Surgical Procedures: Pelvic Exenteration

Author: Marisa Healy, RN, BSN
Content Contributor: Allyson Distel, MPH
Last Reviewed: December 27, 2023

What is a pelvic exenteration?

A pelvic exenteration is the removal (taking out) of a woman's uterus, cervix, ovaries, fallopian tubes, and vagina (the reproductive organs). There are times when the bladder, urethra and/or bowel, anus, and rectum are removed also. A pelvic exenteration may be used to treat some cases of gynecological cancers, such as recurrent cancers (cancer that comes back) of the uterus, cervix, vulva, or vagina.

There are three types of pelvic exenteration:

  • Anterior: Removal of all reproductive organs and bladder.
  • Posterior: Removal of all reproductive organs and bowel.
  • Total: The bladder, urethra, rectum, anus, colon, and reproductive organs are removed. This requires the placement of two ostomies (holes), one for urine and one for stool.

An ostomy to help stool leave the body is called a colostomy. The part of the colostomy seen on the abdomen (belly) is called the stoma and will be covered by a collection bag.

When the bladder and urethra are removed, a urinary diversion (a way to get urine to the outside of the body) will be made. During this procedure, your kidneys and ureters are connected to the urinary diversion, which will exit through the belly. There are two types of urinary diversions with stomas:

  • Ileal conduit: Uses a collection bag around the stoma.
  • Urinary pouch: You will need to place a tube (catheter) into the hole to drain the urine.

Some women may choose to have surgery to rebuild or reconstruct a vagina. This surgery can often be done by a plastic surgeon at the end of your pelvic exenteration surgery. This new vagina is called a "neovagina.” The neovagina is made by using skin and/or muscle from other parts of the body. Ways to make a neovagina are:

  • Skin Grafting: Skin taken from other parts of the body is used to make the new vagina. When using only skin grafts, vaginal stents are needed to keep elasticity (stretching) of the new vaginal tissues. These stents prevent shrinkage, scarring, or closure. At first, the stent will be worn all the time. You will then just wear it for most of the day for many months. Often, after a few months, women can either use a tube, dilator, or vaginal intercourse to keep the vagina open.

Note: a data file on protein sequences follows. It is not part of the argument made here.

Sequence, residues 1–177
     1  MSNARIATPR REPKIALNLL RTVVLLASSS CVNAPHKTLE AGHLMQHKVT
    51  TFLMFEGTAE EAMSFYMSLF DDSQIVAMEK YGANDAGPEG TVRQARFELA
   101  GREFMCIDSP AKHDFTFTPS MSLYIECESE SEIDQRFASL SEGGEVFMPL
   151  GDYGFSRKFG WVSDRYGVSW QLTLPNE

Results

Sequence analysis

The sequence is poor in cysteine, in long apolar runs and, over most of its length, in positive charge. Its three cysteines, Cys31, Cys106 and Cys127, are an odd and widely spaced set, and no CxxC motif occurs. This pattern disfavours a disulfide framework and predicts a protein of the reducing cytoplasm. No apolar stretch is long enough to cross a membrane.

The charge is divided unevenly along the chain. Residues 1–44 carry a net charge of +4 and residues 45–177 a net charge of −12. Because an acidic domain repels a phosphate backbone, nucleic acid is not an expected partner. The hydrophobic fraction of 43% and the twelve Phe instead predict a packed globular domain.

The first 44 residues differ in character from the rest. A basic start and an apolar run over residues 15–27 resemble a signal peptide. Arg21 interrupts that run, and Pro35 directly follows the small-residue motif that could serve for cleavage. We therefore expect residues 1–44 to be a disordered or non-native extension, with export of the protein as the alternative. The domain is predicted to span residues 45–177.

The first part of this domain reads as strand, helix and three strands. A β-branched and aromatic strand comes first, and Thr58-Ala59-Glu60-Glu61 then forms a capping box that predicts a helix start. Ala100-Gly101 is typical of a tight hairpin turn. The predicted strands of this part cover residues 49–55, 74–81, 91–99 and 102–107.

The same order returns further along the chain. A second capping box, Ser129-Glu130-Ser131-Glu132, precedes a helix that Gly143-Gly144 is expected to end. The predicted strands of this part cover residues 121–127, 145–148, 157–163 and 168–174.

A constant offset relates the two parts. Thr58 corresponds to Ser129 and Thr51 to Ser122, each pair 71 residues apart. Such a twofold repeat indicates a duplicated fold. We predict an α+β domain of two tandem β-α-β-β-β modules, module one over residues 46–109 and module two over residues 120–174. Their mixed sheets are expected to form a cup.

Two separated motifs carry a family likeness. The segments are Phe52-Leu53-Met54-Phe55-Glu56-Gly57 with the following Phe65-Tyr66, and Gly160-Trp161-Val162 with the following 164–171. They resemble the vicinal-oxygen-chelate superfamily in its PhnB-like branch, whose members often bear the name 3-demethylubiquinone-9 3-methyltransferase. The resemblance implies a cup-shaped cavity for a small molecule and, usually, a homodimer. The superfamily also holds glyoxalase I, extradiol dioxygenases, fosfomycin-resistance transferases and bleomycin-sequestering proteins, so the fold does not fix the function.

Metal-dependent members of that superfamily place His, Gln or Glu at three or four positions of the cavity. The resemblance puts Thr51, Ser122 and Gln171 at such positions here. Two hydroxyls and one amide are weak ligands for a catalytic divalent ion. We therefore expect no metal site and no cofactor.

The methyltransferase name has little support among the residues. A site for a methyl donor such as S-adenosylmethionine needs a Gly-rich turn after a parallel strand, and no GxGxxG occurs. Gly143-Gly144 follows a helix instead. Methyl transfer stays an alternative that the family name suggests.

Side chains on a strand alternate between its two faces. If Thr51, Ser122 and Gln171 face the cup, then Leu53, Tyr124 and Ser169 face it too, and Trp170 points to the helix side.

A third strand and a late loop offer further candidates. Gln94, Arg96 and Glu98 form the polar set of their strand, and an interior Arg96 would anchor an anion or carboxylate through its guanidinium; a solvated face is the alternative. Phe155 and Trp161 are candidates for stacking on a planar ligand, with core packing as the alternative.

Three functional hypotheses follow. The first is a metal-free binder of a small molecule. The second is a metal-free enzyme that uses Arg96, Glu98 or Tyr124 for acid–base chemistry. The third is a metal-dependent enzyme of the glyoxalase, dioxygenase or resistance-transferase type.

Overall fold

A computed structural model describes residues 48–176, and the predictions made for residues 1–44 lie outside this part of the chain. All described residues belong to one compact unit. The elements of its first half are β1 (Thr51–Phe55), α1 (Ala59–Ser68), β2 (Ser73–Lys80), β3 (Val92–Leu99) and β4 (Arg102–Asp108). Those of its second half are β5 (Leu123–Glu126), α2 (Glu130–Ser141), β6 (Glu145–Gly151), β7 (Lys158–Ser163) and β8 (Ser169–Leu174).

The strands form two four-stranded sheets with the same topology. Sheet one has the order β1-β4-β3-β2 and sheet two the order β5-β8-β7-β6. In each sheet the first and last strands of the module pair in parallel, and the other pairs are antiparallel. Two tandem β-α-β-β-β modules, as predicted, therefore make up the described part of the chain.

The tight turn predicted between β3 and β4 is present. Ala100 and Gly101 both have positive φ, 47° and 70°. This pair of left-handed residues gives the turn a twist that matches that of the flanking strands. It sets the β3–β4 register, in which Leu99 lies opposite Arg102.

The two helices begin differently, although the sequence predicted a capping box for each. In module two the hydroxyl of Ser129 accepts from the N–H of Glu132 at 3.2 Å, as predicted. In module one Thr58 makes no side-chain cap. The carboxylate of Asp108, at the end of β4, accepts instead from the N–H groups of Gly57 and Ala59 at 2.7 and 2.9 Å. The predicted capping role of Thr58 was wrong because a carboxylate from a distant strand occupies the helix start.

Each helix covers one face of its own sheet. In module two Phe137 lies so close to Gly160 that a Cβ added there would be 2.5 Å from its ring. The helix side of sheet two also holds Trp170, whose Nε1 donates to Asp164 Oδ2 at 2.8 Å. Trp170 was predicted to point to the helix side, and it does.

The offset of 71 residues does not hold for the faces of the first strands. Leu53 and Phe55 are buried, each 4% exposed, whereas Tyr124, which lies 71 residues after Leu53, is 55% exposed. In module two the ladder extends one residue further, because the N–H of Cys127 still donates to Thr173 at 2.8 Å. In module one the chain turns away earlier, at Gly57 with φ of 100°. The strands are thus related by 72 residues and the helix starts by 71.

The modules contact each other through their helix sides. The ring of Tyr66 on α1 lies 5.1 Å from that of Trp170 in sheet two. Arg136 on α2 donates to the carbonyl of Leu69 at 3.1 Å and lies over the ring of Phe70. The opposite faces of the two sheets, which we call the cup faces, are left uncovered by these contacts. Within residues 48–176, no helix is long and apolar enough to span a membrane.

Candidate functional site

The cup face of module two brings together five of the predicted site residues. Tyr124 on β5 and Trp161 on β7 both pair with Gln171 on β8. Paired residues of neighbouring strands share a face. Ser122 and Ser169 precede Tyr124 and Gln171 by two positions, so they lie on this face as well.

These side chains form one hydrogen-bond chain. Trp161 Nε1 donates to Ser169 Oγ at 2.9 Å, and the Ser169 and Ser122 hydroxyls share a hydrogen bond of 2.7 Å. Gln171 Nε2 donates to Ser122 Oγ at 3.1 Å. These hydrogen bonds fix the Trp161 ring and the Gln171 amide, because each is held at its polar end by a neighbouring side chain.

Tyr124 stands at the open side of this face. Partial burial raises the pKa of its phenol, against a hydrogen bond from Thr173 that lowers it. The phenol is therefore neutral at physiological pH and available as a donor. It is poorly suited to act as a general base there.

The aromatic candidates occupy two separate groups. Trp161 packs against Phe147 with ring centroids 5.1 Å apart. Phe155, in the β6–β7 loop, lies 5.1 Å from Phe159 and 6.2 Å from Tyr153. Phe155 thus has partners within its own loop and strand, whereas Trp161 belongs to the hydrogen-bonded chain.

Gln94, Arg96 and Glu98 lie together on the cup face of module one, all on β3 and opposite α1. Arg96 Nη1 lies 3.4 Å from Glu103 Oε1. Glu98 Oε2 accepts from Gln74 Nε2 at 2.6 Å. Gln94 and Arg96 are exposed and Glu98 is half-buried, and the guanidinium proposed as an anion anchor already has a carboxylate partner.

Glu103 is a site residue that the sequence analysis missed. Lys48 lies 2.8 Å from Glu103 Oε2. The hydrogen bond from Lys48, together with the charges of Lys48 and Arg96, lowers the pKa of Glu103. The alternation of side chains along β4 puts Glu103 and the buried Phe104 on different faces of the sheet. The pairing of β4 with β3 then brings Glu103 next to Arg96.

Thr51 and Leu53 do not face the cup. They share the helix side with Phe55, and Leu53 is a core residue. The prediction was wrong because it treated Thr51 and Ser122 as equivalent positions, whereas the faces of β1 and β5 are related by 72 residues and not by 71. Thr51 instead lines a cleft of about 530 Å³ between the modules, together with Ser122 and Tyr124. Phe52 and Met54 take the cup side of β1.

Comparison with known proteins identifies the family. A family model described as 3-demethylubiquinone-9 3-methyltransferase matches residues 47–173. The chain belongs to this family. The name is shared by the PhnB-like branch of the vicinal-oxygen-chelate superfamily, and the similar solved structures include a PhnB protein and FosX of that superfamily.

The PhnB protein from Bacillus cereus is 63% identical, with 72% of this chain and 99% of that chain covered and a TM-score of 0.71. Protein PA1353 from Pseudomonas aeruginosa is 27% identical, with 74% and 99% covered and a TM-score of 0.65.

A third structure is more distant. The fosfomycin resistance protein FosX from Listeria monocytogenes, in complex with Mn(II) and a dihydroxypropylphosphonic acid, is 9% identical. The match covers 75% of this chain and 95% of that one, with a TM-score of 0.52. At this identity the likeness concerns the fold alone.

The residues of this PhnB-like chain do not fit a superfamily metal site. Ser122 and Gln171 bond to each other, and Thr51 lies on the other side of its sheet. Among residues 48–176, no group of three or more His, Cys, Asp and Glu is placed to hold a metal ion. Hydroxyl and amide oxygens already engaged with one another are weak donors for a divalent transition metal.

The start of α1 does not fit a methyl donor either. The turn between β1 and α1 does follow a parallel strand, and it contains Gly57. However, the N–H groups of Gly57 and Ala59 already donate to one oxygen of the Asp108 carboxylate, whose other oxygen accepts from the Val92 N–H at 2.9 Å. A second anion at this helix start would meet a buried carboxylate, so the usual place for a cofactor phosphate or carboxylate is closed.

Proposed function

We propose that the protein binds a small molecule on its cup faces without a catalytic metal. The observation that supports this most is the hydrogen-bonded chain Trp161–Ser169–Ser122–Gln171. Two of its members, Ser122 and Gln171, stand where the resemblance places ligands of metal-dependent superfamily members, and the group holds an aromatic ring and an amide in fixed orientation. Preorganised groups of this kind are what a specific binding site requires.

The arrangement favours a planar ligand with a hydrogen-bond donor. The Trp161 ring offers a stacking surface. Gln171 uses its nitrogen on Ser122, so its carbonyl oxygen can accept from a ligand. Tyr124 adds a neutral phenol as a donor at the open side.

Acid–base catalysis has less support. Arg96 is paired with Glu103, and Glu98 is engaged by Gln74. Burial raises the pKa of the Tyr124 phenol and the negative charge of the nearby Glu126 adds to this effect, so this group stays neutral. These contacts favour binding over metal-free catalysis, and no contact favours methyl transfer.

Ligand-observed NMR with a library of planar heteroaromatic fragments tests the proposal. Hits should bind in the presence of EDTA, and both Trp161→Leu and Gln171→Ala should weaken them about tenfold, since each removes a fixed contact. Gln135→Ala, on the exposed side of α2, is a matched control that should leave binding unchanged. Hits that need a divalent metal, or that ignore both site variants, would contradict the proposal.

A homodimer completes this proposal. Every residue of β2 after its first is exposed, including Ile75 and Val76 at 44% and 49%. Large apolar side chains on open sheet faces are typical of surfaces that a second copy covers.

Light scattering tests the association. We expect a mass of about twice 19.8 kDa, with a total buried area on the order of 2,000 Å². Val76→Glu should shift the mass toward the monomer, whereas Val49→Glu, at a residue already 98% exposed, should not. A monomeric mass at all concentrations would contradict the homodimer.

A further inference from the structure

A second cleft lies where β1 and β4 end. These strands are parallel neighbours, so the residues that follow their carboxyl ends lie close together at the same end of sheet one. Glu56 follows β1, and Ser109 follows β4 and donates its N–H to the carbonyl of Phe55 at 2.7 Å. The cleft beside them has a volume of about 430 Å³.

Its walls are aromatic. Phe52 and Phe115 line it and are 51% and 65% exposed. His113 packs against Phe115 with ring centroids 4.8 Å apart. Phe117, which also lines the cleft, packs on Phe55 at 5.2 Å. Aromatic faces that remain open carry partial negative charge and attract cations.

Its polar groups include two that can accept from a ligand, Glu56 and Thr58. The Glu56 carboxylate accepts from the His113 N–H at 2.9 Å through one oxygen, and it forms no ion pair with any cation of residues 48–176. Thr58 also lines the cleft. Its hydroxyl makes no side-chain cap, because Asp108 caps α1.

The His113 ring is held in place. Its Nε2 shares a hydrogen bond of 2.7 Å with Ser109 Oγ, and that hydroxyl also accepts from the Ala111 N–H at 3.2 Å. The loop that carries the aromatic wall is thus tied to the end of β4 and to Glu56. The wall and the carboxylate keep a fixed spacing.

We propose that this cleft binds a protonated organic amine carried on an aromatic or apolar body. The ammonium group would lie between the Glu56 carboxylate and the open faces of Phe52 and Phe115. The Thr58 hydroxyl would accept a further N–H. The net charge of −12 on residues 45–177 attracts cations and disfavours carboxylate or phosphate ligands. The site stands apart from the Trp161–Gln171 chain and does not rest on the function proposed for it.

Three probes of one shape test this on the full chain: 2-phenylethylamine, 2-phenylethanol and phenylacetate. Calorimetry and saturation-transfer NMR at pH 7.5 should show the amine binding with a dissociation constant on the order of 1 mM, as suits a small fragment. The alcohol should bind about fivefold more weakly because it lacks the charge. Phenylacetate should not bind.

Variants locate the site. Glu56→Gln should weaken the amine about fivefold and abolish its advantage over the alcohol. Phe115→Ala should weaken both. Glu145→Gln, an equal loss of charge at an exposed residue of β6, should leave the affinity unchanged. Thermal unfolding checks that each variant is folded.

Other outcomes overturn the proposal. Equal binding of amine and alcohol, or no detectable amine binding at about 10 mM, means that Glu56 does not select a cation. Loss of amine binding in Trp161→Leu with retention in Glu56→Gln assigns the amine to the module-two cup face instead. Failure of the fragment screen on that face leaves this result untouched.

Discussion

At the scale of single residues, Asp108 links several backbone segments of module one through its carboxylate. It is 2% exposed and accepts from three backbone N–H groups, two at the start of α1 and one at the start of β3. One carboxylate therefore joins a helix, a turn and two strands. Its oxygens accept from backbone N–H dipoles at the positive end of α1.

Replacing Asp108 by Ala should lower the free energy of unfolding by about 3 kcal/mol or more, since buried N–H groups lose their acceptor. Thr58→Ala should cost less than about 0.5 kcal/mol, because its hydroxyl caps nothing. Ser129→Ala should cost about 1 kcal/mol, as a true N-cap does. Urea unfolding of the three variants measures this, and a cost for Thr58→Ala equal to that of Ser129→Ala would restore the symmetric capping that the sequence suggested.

• Muscle flap and skin grafting: Muscle flaps and skin grafts can be used to make a neovagina. Muscle and skin from the lower chest and abdomen are often used. This is called a vertical rectus abdominis muscle flap (VRAM). Other muscle flap areas may be used as well. This procedure allows for better sensation and patency (keeping the vagina open). Although this neovagina will look like the pre-surgery vagina, the sensation and function will be different.

A neovagina is not able to cleanse itself so you will need to douche to prevent vaginal discharge and odor. You will be told how and when to do this. Light bleeding or spotting after having intercourse is normal. Heavy vaginal bleeding is not normal, and you should call your care team if this occurs. Having an orgasm can be challenging.

If you don’t want a reconstructed vagina, it will be closed with skin.

How is it done?

A pelvic exenteration is done using an up-and-down incision (cut) on the belly to access the pelvic organs. Drains will be placed. A catheter will drain urine and collection bags will be placed over the ostomy stomas. Bandages will also be placed on the abdomen (belly) and inner thighs if reconstructive surgery was done. Talk to your provider about your specific surgery and ask them any questions you may have.

What are the risks of having a pelvic exenteration?

As with any surgery, there are risks and possible side effects. These may be:

  • Blood loss.
  • Reaction to anesthesia (Anesthesia is the medication you are given to help you sleep through the surgery. It helps you to not remember the surgery and it manages pain. Reactions could be wheezing, rash, swelling, and low blood pressure).
  • Infection.
  • Wound separation (opening of the wound).